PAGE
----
What is tooth decay?
Tooth decay is the breakdown of the hard outer surface of the tooth called the enamel. As the enamel wears away, holes in the tooth can form known as caries.
What are the symptoms?
The symptoms of tooth decay in children include:
- pain around the tooth affected
- tooth sensitivity (pain when drinking a cold or hot drink, or a very sweet food)
When the cavity first forms it will be light brown in appearance. As it gets deeper, it starts to turn black.
How is tooth decay diagnosed?
Tooth decay is diagnosed with a physical examination of your child’s mouth. Occasionally, an X-ray might be taken to assess the extent of the decay.
What are the causes of tooth decay in children?
Damage to the enamel is caused by the reaction between natural bacteria in the mouth and the food you eat. Over time the acids produced in this reaction eats away at the enamel and causes tooth decay.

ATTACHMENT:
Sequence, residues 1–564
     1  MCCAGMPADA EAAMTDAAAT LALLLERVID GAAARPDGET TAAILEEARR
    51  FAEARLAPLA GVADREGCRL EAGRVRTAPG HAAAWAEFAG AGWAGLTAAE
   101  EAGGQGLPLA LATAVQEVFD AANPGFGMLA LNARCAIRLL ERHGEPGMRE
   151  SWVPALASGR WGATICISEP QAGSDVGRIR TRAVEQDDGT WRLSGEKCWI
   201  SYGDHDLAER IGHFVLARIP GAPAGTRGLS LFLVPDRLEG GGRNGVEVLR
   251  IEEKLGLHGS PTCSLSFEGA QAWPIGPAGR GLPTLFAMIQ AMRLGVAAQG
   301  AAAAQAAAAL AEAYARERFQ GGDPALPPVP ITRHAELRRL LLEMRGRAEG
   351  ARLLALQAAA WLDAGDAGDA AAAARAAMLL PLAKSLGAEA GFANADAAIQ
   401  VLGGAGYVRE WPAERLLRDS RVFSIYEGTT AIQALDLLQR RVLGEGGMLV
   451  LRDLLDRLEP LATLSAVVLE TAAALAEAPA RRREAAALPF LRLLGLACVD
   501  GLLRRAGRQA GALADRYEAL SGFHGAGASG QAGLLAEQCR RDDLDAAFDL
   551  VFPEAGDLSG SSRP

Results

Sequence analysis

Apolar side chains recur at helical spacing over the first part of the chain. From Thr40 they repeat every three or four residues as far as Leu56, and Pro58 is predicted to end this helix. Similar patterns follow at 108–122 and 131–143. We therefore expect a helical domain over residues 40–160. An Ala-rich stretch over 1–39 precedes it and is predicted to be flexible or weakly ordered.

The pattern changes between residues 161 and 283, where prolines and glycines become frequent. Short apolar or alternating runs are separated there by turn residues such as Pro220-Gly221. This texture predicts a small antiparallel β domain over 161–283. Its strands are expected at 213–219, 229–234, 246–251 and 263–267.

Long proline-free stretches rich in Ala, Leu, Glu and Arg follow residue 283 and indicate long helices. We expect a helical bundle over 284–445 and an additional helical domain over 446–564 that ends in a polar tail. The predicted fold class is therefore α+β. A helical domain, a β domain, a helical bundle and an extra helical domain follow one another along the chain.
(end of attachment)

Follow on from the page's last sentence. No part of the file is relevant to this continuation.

What your child eats plays a large role in this process. Foods which contribute most to tooth decay include sugary drinks, fruit juice, chocolate, sweets, cereals, cake, and bread.
The other main factor is poor oral hygiene. It is important that your child brushes their teeth twice a day using a fluoride-based toothpaste.
How do you prevent it?
You can help prevent tooth decay in your child by making sure:
- their dietary intake of food high in sugars is limited
- they don’t eat snacks between meals
- they brush their teeth twice a day
- you take them to visit the dentist on a regular basis
- if you have a toddler, don’t leave them with a bottle of milk at bedtime – the sugar from the milk will cause damage to the enamel overnight
How is tooth decay in children treated?
In the very early stage of tooth decay the enamel is able to repair itself given sufficient time between meals.
If your child has a cavity however, treatment aims to restore the tooth with fillings. This can be made out of a range of materials, including silver ceramics, resin, or arylic acids.